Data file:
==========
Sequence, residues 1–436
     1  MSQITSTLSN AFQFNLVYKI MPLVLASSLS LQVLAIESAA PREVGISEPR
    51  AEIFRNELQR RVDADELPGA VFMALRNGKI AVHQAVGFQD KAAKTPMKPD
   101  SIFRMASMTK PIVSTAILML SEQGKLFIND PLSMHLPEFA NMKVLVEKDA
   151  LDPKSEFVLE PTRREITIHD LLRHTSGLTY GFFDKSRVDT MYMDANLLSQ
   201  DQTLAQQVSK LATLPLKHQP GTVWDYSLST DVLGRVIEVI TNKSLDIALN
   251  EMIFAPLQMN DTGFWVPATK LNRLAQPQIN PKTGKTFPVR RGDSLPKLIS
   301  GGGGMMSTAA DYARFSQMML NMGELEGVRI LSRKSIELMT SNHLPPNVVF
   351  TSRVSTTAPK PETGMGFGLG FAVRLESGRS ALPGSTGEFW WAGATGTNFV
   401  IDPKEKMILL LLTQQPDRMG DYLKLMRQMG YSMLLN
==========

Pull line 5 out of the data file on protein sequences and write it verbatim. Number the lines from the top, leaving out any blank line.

   151  LDPKSEFVLE PTRREITIHD LLRHTSGLTY GFFDKSRVDT MYMDANLLSQ